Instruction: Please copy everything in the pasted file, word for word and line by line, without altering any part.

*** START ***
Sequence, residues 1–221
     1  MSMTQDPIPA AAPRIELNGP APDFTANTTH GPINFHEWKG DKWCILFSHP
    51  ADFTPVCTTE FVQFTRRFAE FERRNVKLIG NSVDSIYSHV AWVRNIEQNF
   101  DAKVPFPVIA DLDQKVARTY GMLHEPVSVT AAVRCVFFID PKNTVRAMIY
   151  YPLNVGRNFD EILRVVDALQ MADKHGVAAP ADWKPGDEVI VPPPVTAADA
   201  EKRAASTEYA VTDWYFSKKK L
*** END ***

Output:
Sequence, residues 1–221
     1  MSMTQDPIPA AAPRIELNGP APDFTANTTH GPINFHEWKG DKWCILFSHP
    51  ADFTPVCTTE FVQFTRRFAE FERRNVKLIG NSVDSIYSHV AWVRNIEQNF
   101  DAKVPFPVIA DLDQKVARTY GMLHEPVSVT AAVRCVFFID PKNTVRAMIY
   151  YPLNVGRNFD EILRVVDALQ MADKHGVAAP ADWKPGDEVI VPPPVTAADA
   201  EKRAASTEYA VTDWYFSKKK L